Oser Communications Group

Gourmet News April 2014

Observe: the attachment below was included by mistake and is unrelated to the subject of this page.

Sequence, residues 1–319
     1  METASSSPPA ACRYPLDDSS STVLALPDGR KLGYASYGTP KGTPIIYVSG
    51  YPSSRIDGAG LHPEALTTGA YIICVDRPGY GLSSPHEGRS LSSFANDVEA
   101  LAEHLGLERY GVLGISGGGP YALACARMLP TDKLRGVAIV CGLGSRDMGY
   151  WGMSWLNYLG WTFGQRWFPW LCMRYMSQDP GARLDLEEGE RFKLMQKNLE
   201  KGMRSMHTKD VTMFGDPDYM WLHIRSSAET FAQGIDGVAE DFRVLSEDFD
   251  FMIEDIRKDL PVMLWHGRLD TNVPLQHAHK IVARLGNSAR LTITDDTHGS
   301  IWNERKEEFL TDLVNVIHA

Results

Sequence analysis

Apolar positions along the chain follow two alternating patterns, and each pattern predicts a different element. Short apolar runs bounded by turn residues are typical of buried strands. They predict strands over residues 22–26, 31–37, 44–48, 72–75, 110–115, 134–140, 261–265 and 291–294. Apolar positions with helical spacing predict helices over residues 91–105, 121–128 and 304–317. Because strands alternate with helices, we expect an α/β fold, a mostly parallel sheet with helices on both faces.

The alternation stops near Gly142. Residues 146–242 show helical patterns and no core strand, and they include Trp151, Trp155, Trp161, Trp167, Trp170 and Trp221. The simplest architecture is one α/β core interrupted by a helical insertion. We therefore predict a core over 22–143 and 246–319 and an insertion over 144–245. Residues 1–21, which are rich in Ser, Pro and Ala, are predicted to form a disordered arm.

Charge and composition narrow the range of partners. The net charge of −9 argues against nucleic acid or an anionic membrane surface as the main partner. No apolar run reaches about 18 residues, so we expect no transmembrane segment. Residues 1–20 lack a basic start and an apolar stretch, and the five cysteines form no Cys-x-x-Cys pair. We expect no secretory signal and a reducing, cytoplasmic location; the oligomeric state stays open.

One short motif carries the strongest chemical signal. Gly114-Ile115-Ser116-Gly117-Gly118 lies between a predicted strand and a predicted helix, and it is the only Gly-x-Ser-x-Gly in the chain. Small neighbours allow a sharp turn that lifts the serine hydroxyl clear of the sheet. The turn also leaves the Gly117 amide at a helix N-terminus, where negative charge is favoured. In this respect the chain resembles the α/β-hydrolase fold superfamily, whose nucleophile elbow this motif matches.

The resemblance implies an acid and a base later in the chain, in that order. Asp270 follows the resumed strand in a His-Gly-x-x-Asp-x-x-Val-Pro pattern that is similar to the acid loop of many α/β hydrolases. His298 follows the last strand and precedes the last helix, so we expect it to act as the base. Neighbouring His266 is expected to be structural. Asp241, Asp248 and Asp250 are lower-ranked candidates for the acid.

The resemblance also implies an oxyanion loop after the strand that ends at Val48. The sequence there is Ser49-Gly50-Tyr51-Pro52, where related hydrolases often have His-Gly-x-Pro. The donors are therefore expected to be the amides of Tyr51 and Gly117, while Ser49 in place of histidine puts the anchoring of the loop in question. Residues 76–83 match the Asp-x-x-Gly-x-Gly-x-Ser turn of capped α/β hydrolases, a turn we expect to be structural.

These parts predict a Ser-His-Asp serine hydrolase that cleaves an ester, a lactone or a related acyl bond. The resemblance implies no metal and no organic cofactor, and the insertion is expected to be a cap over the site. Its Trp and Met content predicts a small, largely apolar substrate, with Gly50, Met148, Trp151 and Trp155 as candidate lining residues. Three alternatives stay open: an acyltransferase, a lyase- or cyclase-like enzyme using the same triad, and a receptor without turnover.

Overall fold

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BY LORRIE BAUMANN Food allergy is a growing public health concern in the United States. Food allergies are respon- sible for 100 to 200 deaths a year in the United States, and many studies have found that the prevalence of food allergies is on the rise for both children and adults over the past 10 to 20 years, although the reasons for this are not clear. Food allergies affect 15 million Americans, including 1 in 13 children, roughly two in every classroom. Nearly 40 percent of children with food allergies have experienced a severe or life- threatening reaction, such as ana- On January 29, the U.S. House of Representatives passed a Farm Bill that had been under consid- eration for the past two years. The Senate quickly followed suit and passed the bill itself on Feb- ruary 4. The newly passed Agri- cultural Act of 2014 is a five-year bill designed to reform agricul- tural policy, reduce the deficit and grow the economy. "The work of the Agriculture Committee, including reautho- rizing the Farm Bill, affects every American, ensuring that our farmers and ranchers have the tools they need to produce an abundant and affordable food Consumers Wait to See How Farm Bill Will Change the Way They Eat Continued on PAGE 6 UPDATE: Spring Cheese Review SEE PAGE 15 SPECIAL FEATURE: Summer Entertaining SEE PAGE 18 HOT PRODUCTS: SEE PAGE 24 Continued on PAGE 8 Continued on PAGE 4 and fiber supply is as important to our country as national de- fense," stated Rep. Frank Lucas, Chairman of the House Commit- tee on Agriculture. In addition to its myriad im- pacts on U.S. agriculture, ex- perts predict that the Farm Bill could significantly affect the way many American consumers shop for food. Perhaps the most hotly de- bated impact of the Farm Bill on American consumers is that which will be felt by those who are part of the federal govern- ment's Supplemental Nutrition Assistance Program. The bill in- cludes an $8.6 billion cut to food stamps over the next decade. Hunger awareness advocates argue that the bill is likely to have a negative impact on 1.7 million people in 850,000 house- holds who could get as much as $90 less each week in benefits. Not everything about the Farm Bill spells doom for U.S. con- sumers, however, as the bill pro- vides important subsidies to those who grow corn, soybeans, wheat, cotton and rice. These subsidies help keep farmers' costs down, and thus keep prices low for U.S. consumers. In fact, not only are prices for things like soybean oil and bread kept low by subsidies, but meat prices are kept in check as well, as the cost of the corn fed to livestock is also subsidized. In addition, those who shop at farmer's markets also have a rea- son to look kindly on the new Farm Bill, as it creates a new na- tional program enabling con- sumers to double their SNAP benefits when shopping at these markets. For those who have been critical of the SNAP program for making it easy for low income people to eat unhealthy diets, this program will potentially help thousands of consumers stock up on healthier ingredients. Americans Travel to the U.K. One Cheese at a Time Specialty Food Companies Step up to the Plate as Food Allergies on the Rise among U.S. Consumers phylaxis, which is a severe, poten- tially fatal allergic reaction. Many Americans really do not understand that food allergies are a serious, life-threatening issue for many people, especially chil- dren. This is according to Debbi Beauvais, a registered dietician and the District Supervisor of School Nutrition for schools in Rochester, N.Y. Beauvais spends a great deal of her time training the foodservice workers in her school district on how to prevent allergic reactions among students and how to recognize and respond to them if they occur. "When I talk to people about allergies in gen- eral, there's a misperception of the definition of an allergy," she says. "There are allergies, intolerances and people who say they have an allergy when they mean they don't like the food." "A lot of people don't realize that a food allergy can cause a se- vere medical event," Beauvais con- tinues. "It's not as simple as that they just don't like that food." According to Food Allergy Re- search and Education, a nonprofit organization that works on behalf of the 15 million Americans with food allergies, a food allergy is a reaction of the body's immune system to a protein in a food. BY LORRIE BAUMANN Debra Bloom's Safe Snack Guide is an important resource that schools and parents around the country use to screen the snack foods brought into their class- rooms and offered to their chil- dren. Specialty foods company Enjoy Life is one of the manufac- turers with products on Bloom's list of safe snacks. "One of the things we look for at Enjoy Life is how we can bring Enjoy Life Foods Serves Diverse Customer Base with Allergy-Friendly, Gluten-Free Products the celebration back into every- one's life," says Joel Warady, Enjoy Life's Chief Sales and Mar- keting Officer. "The way we do that is that all our products, everything we produce, in addi- tion to being gluten-free, is free of the top eight allergens: eggs, dairy, wheat, soy, peanuts, tree nuts, fish and shellfish. That covers about 90 percent of all food allergies in children today." Enjoy Life was started 12 years ago by Scott Mandrell, who is still its CEO today, as a manufacturer of gluten-free products. "He started thinking about how to make the gluten-free products even more unique, and that's when the idea of making allergy- friendly foods came about," Warady says. Today, Enjoy Life has eight different product lines, all BY LUCAS WITMAN From the royal wedding to the London Olympics and from Harry Potter to Downton Abbey, British culture has never been more popular in the United States than it is today. Americans seem positively poised to pounce on any book, movie, television show or event emblazoned with the Union Jack or featuring iconic Briticisms. Once much maligned on this side of the Atlantic, British foods have not escaped the U.K. invasion, including what has perhaps become the most sought after British food staple in the United States: cheese. Today, shoppers at any artisan cheese shop in the United States or even any grocery store specialty cheese case can choose among a wide variety of British offerings. When it comes to bringing British cheeses to the U.S. market, companies in the United Kingdom must navigate several particular challenges. Perhaps the biggest technical challenge British cheese producers face in exporting their products to this country specifi- cally concerns those who produce organic cheeses. The U.S. and U.K. governments have different regu- lations in place concerning the use VOLUME 79, NUMBER 4 APRIL 2014 n $7.00 TRADE SHOW BUZZ n Native Food Sovereignty Summit Brings Communities Together in Pursuit of a Common Goal PAGE 4 GIFTWARE n Galleria Gourmet Dips and Seasonings PAGE 9 SUPPLIER BUSINESS n Coach Farm Building a Legacy of Outstanding Handcrafted American Goat Milk Products PAGE 11 RETAILER NEWS n Benz's Gourmet: Adding Flavor to Tradition PAGE 12 SPECIALTY DISTRIBUTORS & BROKERS n KeHE's Summer Selling and Product Innovation Show Reveals What to Expect This Summer PAGE 14 News ..............................................2 Ad Index .......................................27 Smorgasbord ................................27 www.gourmetnews.com G OURMET N EWS T H E B U S I N E S S N E W S P A P E R F O R T H E G O U R M E T I N D U S T R Y ®